Since she was a small child, Battle Ground resident Angela Perkins knew she had some emotional and social problems. Although she was smart and got some of the best grades in her classes, Perkins said she never seemed to do well socially and struggled to find a place to fit in.
When she was 14, Perkins, now 17, decided to see a counselor because she had been feeling upset and although she didn’t know what it was, she knew something was wrong.
"I was so surprised when the counselor suggested autism," Perkins said. "I knew I had problems, but I just never thought of it being anything like autism."
Perkins was diagnosed with Asperger’s Syndrome, a generally high-functioning form of autism. Most people with autism are diagnosed at a fairly young age and Perkins said the counselor she talked to found it interesting that none of her teachers ever suspected autism when she was having problems at school. Instead of letting her diagnosis get her down, however, Perkins decided to make the experience into something positive.
Perkins has been a member of the Girl Scouts since she was a young girl and is currently a member of Troop No. 40926. In order to achieve her Girl Scout Gold Award, Perkins had to come up with a project and she decided her project would involve informing people about the Autism Spectrum. In order to do this, Perkins did research and put together a brochure all about the Autism Spectrum. She also organized and hosted two informational workshops.
"I needed to do a project to get my Gold Award and I just figured I would choose autism since it was something I had to deal with," Perkins said. "Most people don’t know that much about autism."
Her project, entitled Autism is NOT an Automobile, included two workshops which were designed to help give people an understanding of what autism is, the symptoms and how to help and understand people on the Autism Spectrum. The workshops also discussed other conditions on the Autism Spectrum, such as Asperger’s Syndrome and PDD-NOS (Pervasive Developmental Disorder Not Otherwise Specified). Each workshop included speakers on autism, a short play written by Perkins to illustrate the Autism Spectrum and a one-hour movie called On the Spectrum.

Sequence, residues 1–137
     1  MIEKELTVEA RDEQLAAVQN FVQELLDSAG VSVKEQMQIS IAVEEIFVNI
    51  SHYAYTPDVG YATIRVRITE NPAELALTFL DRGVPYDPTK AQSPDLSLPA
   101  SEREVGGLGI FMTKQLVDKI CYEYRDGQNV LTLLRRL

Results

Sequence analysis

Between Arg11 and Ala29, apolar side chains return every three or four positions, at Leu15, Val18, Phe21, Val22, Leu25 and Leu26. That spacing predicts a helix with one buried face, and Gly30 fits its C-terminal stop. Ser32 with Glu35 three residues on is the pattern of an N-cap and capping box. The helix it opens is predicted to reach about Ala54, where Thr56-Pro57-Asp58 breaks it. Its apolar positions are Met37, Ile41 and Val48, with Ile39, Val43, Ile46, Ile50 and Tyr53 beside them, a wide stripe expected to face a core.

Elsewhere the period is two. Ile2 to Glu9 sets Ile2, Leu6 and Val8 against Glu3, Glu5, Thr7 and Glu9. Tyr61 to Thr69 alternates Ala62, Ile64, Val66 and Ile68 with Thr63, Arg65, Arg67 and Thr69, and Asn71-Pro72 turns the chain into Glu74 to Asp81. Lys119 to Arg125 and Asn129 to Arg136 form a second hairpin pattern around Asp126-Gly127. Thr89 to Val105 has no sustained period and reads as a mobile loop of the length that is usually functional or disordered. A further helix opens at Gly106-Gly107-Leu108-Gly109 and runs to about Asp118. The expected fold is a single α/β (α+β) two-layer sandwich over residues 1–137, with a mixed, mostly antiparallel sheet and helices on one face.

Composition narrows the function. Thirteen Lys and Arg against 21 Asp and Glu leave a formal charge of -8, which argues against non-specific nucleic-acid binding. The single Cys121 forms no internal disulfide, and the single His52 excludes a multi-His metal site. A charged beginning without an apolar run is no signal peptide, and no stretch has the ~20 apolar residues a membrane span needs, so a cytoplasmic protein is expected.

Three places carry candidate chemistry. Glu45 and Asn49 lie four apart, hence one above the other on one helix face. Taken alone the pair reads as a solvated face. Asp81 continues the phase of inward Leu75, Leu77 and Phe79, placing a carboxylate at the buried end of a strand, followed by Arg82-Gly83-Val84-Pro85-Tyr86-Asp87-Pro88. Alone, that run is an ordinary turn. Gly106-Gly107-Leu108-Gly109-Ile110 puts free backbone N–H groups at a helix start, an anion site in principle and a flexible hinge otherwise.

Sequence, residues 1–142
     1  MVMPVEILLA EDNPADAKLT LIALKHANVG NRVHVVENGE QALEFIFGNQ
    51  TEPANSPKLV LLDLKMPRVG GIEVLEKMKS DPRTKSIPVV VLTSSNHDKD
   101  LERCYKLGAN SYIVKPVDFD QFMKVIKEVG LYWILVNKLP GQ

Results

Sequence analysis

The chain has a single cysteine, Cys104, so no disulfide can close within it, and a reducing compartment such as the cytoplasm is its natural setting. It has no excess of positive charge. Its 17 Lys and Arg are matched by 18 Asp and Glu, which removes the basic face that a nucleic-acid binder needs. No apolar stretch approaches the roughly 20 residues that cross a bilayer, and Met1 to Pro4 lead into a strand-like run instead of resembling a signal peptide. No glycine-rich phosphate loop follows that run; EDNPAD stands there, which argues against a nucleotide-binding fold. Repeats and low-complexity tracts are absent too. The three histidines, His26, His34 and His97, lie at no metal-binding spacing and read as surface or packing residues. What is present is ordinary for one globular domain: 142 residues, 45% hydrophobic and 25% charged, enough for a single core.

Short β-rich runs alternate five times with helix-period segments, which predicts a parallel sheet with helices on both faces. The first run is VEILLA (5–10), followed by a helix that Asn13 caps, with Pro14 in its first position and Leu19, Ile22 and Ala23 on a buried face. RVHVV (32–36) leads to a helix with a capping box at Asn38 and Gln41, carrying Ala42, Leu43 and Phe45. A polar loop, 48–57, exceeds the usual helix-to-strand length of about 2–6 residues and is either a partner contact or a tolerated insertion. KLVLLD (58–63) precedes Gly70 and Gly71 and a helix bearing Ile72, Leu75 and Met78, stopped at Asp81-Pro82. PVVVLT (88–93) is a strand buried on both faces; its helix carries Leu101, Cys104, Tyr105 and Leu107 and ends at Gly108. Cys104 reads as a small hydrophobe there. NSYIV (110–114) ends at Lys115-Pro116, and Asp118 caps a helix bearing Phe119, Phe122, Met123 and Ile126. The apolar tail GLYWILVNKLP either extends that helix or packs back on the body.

The brochure Perkins wrote and put together covered what autism is, Autism Spectrum disorders, symptoms, who is affected by autism and how to help people with an autism disorder cope.
Perkins said she has pretty much experienced all of the symptoms of autism at some time in her life. These symptoms include difficulty with or lack of empathy, continuous repetitive mannerisms, difficulty managing social situations, slow to reach developmental milestones, sensory processing disorder, savant-like abilities and/or selective interests and being extremely shy or outgoing. Most of these symptoms vary depending on the person and the form of autism that they have.
Perkins said a lot of people don’t understand those who have an Autism Spectrum Disorder. She said many people with autism are often mistaken as being rude or unkind, and sometimes disruptive. Perkins said one of the main symptoms of autism that she suffers from is extreme shyness. However, she and Penny Sarvela, her Girl Scout adviser, said she has come a long way over the past few years.
"When Angela would want to say something in the group, you would see this little, timid hand come forward," Sarvela said. "Now she raises her hand all the way and is able to negotiate with the other girls if she doesn’t agree with something or would like to point out her opinion."
Sarvela said Perkins is no longer quiet and withdrawn when she’s with the Girl Scout troop and she is now involved and "part of the group." Perkins said she thinks the experience of being involved with the Girl Scouts has helped her, and being able to have people tell her when she does or says something wrong is also very helpful.
"Her social development has just been huge," Sarvela said. "She’s now able to state what she wants when she wants something and isn’t afraid of sharing her opinion."
Perkins said she enjoys reading, writing, drawing and her pet cats. She has been home schooled since she was a small child and currently does the home-school program through Battle Ground HomeLink. She said she likes to draw people and cats in her own unique drawing style and she enjoys writing stories about girls her age and their social interactions with each other. She also enjoys reading books on psychology.